A team of disability researchers has authored a new article that explores the underlying factors for the substantial geographic variation in employment rates among people with disabilities in the U.S. Their findings are detailed in, “State and Local Determinants of Employment Outcomes among Individuals with Disabilities,” which was published in the Journal of Disability Policy Studies. 2018, Vol. 29(2) 119 -128. The authors are Purvi Sevak, Ph.D., of Mathematica Policy Research, John O’Neill, Ph.D., of Kessler Foundation, Andrew Houtenville, Ph.D., and Debra Brucker, Ph.D., of the University of New Hampshire—Institute on Disability (UNH-IOD).
Throughout the U.S., there is wide variability in employment outcomes for people with disabilities. Among states, for example, rates vary from 25.3% in West Virginia to 52.8% in North Dakota. In Arizona, employment rates vary by county, from less than 30% to more than 40%. This wide variability among and within states suggested that environmental factors, such as the physical environment, local economic conditions, and policy variables play a role in the likelihood of finding people with disabilities in the workforce.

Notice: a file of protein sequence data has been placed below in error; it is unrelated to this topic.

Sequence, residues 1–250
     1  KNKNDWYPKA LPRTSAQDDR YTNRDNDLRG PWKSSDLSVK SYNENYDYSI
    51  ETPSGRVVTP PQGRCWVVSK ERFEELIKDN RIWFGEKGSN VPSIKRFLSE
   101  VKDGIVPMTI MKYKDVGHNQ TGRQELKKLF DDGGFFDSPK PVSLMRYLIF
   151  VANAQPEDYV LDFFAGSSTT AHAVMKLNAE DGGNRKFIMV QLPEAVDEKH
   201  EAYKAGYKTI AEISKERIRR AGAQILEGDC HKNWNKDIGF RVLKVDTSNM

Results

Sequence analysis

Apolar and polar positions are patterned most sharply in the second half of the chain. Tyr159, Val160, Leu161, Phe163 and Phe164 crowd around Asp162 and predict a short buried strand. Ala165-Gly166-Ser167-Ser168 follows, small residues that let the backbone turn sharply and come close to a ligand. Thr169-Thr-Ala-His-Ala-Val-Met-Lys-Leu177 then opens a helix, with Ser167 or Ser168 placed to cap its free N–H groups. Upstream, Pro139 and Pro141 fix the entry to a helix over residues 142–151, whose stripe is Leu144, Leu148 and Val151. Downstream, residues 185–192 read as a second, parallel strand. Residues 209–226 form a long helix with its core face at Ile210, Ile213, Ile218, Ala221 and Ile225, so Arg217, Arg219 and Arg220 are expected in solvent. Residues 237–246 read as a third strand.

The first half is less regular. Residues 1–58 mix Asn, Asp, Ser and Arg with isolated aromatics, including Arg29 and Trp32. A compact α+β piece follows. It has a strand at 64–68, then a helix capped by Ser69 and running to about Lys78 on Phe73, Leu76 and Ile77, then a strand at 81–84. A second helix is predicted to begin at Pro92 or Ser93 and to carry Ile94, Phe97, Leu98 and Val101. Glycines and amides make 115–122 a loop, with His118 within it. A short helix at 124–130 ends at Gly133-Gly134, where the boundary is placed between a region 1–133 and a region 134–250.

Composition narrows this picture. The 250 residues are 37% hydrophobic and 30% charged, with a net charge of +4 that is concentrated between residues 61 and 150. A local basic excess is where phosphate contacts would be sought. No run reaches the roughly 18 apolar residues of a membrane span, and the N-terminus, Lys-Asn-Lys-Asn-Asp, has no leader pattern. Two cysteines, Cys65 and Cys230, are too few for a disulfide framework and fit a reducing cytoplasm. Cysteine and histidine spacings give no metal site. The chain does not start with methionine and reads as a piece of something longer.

Working with national data from the 2009-2011 American Community Survey and a set of state- and county-level environmental variables, the team examined the relationship between employment outcomes of people with disabilities and the environmental factors of the counties and states in which they reside. Their findings provide clues to the geographic variations in employment across the U.S.
“We found that employment outcomes were most strongly related to the economic conditions and physical environment; while the policy environment was less of an influence,” noted co-author John O’Neill, Ph.D., director of disability and employment research at Kessler Foundation. “None of these factors, however, were as strongly related to employment as individual health and personal characteristics,” he emphasized, “which is why all of these factors need to be weighed and considered in order to find effective ways to improve employment outcomes for people with disabilities.”
“The efforts we focus on policies aimed at benefiting individuals must be weighed within the broader context of the environment,” said Dr. O’Neill. “For example, policies that expand educational opportunities will be more likely to result in employment if the local job market and economic conditions of the job market are considered.”